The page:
Automatic Strategies for Sense Disambiguation
A broad category of disambiguation schemes is to start with a similarity metric that gives a score between every two synsets and seeks to maximize that score across all of the possible synsets.
When inquisitive readers encounter a word they don't know or a word that is used in a way that is unfamiliar to them, they look up the term in a dictionary. Confronted with multiple options for a term, they find that definition (or gloss) that best fits the context the word appeared in. Using this intuition, Mike Lesk developed an elegant scheme whereby the sense of a word that has the largest number of overlaps the other senses is chosen.
This work has been extended by Siddharth Patwardhan and Ted Pedersen to use context vectors for each of the words in a WordNet gloss and connected synsets (via a number of other WordNet linkages) to form a basis for a new similarity measure.
Philip Resnik introduced the idea of adding the idea of information content to synsets in order to add a quantitative measure of distance between synsets separate from just the topological separation within WordNet. Resnik took a corpus, and for every word appearing in the corpus, adds one over the number of senses for every sense of that word and all of its hypernym parents.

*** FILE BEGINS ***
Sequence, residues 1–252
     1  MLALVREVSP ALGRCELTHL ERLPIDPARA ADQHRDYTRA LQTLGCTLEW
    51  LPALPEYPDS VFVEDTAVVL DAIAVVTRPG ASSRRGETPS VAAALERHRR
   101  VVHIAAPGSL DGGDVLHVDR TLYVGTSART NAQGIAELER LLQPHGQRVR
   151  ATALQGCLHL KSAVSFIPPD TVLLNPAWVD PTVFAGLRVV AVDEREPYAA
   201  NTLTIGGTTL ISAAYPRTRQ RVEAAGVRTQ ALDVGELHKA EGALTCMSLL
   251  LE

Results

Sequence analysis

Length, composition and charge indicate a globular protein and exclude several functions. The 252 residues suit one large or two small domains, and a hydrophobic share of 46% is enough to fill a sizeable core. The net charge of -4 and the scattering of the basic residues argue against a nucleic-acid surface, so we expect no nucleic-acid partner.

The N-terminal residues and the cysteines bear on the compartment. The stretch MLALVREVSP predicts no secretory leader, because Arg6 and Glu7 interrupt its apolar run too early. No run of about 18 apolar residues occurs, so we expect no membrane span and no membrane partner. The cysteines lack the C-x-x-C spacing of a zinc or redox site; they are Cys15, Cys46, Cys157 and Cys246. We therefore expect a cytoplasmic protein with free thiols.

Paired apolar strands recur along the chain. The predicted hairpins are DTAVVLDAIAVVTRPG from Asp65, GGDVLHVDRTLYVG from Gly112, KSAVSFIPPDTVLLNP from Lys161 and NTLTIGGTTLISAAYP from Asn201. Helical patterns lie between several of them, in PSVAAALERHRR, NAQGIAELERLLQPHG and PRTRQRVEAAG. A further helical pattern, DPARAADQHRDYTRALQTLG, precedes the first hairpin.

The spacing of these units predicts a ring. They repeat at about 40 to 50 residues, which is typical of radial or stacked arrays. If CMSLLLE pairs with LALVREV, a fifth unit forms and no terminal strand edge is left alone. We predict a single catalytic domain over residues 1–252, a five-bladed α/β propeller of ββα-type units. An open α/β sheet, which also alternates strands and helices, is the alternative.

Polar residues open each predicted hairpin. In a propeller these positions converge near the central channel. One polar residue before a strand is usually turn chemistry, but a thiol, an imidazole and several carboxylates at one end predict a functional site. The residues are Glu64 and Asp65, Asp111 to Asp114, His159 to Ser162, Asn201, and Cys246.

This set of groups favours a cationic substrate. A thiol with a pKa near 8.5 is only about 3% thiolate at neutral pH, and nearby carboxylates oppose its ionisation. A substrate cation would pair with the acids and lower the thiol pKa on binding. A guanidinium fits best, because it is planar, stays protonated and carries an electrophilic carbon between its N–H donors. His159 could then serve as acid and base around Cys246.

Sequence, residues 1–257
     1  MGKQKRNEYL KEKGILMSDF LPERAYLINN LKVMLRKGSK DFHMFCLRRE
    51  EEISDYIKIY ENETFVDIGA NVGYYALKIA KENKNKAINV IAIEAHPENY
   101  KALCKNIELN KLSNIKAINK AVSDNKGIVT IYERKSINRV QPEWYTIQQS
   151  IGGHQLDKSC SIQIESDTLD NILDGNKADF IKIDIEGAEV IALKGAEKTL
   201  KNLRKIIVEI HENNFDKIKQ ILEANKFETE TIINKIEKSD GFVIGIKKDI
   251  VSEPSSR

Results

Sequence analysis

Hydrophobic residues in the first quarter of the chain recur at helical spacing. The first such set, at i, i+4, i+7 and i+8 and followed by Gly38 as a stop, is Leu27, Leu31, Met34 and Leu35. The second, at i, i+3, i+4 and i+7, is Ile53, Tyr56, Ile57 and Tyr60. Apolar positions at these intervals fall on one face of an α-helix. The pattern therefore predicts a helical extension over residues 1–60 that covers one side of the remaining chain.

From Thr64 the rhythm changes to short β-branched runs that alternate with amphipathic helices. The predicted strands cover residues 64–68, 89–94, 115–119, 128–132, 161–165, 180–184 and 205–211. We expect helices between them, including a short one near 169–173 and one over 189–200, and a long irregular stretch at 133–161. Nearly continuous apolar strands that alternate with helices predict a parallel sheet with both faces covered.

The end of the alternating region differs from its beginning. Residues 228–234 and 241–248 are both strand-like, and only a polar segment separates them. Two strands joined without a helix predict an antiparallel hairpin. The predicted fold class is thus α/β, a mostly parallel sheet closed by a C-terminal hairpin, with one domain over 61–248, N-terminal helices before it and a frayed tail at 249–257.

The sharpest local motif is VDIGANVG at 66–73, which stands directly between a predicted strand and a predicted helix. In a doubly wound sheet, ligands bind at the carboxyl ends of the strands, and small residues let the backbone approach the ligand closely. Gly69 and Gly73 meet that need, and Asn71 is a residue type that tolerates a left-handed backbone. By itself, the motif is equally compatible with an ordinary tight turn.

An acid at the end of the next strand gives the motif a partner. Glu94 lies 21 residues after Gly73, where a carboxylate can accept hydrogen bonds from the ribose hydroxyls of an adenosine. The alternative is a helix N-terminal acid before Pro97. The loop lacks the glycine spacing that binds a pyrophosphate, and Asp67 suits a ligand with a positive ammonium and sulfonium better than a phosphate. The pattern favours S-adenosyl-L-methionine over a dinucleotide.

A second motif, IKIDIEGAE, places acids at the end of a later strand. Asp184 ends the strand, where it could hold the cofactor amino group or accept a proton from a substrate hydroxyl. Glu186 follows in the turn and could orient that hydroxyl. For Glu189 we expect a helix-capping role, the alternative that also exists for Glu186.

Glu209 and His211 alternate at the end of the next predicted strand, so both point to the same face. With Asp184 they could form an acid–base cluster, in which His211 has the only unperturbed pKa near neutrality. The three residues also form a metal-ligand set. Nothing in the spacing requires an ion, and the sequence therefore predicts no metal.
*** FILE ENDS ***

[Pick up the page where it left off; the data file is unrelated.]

As the number of words increases and the number of possible senses increases, there is additional computational overhead in trying the ensemble of senses that maximizes the similarity measure under investigation. Cowie, Guthrie, and Guthrie created a disambiguation strategy that sampled from the possible ensembles using simulated annealing.
Hiding a Semantic Hierarchy in a Markov Model
Although Abney and Light focused on the problem of disambiguation in the context of selectional restrictions, their approach is very similar to our approach. They train, for every part of speech relationship that links to a noun, to create a hidden Markov model that would generate the word from a sense.
They were unable to improve upon Resnik's approach of using class-based measures to